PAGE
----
"But war does build good character, father! It removes the weak from among us and promotes the strong. War and the Festivals provide us with the best possible Guardians—individuals of gold and silver who lead us in our quest for the truth! Guardian Thrasymachus says that war is like the smithy's bellows—it forges and tempers our souls, building the strongest citizens."

"War never builds, Santi. You need only look about you to learn that truth. War only destroys." When I saw how quiet Santi became, I despaired of stripping her of the armor her teachers had provided. But war strips people of many things, even the innocent. It had long ago stripped me of my convictions.

"I'm not even sure how many battles I fought in the name of Our Republic while I was an auxiliary. I know there were at least ten before I first met your mother. I actually met her on the battlefield, Santi. Although we ate together every day in the halls, such were our numbers that I had never seen her before. Until I met Sparta, I had taken my winning kisses from a young man named Alcamides; but when I saw your mother I wanted kisses from no other.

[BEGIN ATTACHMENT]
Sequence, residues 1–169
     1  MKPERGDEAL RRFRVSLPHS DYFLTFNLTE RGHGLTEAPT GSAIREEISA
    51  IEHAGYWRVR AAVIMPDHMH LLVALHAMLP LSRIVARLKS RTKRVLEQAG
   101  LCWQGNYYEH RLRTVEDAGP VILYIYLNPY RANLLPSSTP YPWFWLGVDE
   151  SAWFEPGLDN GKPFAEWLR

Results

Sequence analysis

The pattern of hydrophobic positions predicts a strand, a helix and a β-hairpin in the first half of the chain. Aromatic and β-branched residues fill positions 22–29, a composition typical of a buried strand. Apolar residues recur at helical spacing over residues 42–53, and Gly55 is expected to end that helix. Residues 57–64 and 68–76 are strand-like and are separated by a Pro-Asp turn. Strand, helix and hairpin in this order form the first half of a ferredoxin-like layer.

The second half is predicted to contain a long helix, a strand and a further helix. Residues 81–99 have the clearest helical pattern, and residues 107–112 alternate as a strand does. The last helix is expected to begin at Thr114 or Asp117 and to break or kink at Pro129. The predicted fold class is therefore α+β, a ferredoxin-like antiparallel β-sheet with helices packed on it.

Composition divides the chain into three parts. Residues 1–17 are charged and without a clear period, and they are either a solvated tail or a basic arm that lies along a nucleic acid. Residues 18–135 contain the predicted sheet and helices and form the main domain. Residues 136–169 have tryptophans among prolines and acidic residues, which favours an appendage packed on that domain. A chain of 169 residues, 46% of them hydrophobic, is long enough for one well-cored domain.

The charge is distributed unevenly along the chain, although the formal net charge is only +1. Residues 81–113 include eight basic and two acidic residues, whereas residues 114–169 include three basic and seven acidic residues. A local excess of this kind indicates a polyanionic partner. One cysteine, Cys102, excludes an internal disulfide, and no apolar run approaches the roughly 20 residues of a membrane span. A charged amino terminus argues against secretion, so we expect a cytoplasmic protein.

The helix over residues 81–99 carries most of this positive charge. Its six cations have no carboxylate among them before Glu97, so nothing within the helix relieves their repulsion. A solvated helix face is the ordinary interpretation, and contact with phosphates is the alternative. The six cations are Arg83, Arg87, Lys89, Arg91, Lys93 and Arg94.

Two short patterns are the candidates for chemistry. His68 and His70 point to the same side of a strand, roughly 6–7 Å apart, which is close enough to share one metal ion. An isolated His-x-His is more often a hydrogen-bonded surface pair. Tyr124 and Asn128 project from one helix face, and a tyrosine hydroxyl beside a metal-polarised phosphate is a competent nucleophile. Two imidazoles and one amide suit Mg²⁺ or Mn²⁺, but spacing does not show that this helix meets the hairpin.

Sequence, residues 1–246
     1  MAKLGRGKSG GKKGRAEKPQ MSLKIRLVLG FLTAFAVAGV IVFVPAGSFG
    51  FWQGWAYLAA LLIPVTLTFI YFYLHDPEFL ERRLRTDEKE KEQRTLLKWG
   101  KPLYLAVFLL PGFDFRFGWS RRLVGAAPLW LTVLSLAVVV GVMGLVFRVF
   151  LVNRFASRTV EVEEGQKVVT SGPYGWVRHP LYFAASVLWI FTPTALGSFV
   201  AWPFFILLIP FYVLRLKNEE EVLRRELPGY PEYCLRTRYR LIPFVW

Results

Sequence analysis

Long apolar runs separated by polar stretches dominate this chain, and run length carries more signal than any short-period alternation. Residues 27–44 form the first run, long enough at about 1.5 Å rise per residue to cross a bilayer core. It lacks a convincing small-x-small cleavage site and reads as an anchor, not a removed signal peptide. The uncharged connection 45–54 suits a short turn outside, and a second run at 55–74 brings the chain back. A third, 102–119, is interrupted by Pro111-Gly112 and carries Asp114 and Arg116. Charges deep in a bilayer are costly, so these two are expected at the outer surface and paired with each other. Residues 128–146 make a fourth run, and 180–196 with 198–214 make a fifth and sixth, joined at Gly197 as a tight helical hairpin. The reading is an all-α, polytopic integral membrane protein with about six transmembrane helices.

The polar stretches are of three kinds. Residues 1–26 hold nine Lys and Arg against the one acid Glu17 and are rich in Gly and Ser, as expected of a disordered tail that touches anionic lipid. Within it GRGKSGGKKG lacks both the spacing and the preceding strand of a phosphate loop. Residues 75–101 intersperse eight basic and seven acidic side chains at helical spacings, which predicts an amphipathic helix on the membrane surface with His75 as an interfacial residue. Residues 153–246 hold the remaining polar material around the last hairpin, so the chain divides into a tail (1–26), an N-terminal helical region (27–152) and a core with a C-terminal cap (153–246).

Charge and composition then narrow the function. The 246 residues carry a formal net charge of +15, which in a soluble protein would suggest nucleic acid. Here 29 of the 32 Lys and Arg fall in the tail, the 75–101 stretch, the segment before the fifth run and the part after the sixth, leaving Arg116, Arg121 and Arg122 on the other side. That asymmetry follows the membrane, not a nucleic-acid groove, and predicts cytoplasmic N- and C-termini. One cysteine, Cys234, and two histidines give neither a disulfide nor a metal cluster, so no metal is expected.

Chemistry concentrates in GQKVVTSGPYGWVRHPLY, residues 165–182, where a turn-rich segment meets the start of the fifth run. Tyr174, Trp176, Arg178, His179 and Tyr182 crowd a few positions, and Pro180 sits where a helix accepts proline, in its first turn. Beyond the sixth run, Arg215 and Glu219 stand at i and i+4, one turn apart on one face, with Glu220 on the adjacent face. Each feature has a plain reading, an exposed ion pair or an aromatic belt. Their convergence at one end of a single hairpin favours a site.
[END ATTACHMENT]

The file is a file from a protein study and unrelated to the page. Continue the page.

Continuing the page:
“Where did you first see her, father?” Santi looked from me to Sparta and back again.

“She caught my eye at Moscow, “ I replied, looking into Sparta’s eyes. “That was the battle they said could not be won. It was the battle upon which the world expected us to break. Yet we were not broken. We were a silver hammer shattering their sickle. The history of others on the steppes of Russia was of no concern to us, for we were not there to take or conquer as those before us had been. We were there to sharpen our skills and to prove our mettle, to show the world what it meant to be the brightest tool of the gods. Yet in that very act, perhaps we were also the hammer tempering the greater weapon lying in the forge. I’ve often thought back on that battle and wondered if it was then that the world saw past the shadows of the cave, if only for a moment.